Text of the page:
Seabin - Cleaning the Oceans One Marina at a Time
Tom Spendlove posted on December 23, 2015 |
Australian surfers have created a device to pull garbage and debris out of marinas and ports.

Andrew Turton and Pete Ceglinski are Australian surfers who didn’t appreciate the pollution they saw in the ocean. After several trips yachting around the world and constant disappointment with the conditions of the marinas, Andrew started to develop the idea of an ocean cleaning device. He pulled in Pete based on his experience as a product designer making injection molded plastic components. Their solution is Seabin, a bucket that cleans and filters water in marinas.

Marinas and yacht clubs were targeted to place the Seabin because they act as controlled environments. Ocean swells and storms are typically outside of the marinas but wind and currents constantly move debris into the zones. Currently large boats with nets work to pick up the garbage in harbors – my favorite is Baltimore’s Mr. Trash Wheel – but the boats are expensive to keep up and not completely effective. Seabin wants to be a low cost, low maintenance, effective solution that easily fits in the most polluted areas of harbors.

Seabin uses a five gallon bucket (the Australian equivalent is the twenty Liter pail) with a burlap sack inside as the debris catcher. The device is fixed to a dock or wall and a water pump constantly pulls the water into the bucket, catching whatever pollutants might be present in the water. An option also exists for the pump to have a filtering system for the water to remove oil and other chemicals. The system runs on 110 or 220 volts and expects to use a 1.5 horsepower pump.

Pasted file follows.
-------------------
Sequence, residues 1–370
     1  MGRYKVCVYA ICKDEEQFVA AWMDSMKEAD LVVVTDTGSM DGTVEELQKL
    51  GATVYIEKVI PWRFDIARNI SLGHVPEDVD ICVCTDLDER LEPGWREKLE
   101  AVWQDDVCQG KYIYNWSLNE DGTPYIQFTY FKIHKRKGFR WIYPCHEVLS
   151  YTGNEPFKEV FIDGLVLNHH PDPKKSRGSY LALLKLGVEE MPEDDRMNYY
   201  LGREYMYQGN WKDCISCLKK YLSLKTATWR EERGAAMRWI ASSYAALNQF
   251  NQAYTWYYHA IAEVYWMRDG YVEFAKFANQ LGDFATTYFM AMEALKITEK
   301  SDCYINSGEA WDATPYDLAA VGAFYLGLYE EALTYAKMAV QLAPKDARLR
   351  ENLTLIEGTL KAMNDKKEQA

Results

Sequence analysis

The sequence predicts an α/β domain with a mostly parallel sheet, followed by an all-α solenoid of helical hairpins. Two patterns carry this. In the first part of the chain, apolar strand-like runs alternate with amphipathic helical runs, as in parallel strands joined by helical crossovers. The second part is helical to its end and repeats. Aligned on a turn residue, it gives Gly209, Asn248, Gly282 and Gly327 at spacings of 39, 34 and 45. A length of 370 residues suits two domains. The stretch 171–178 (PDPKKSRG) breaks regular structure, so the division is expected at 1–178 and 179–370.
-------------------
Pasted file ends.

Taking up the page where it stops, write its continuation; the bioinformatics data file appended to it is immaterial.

Turton and Ceglinski are currently running an Indiegogo campaign to fund a production run of Seabin systems. This is mostly a support campaign where funders can send money to help the project along, but for approximately $3800 businesses can purchase their own Seabin complete with a spot to place a corporate logo.

Seabin is a great example of inventors working to solve a local problem that might also have global implications. The device itself looks deceptively simple when in use and draws attention but the system is complex and requires work to design, manufacture and install. The campaign is currently at 49% funded with eight days to go but is getting a lot of mainstream attention this week. Hopefully the team can get the money they need and fulfill their goal of cleaning the world’s waterways. 

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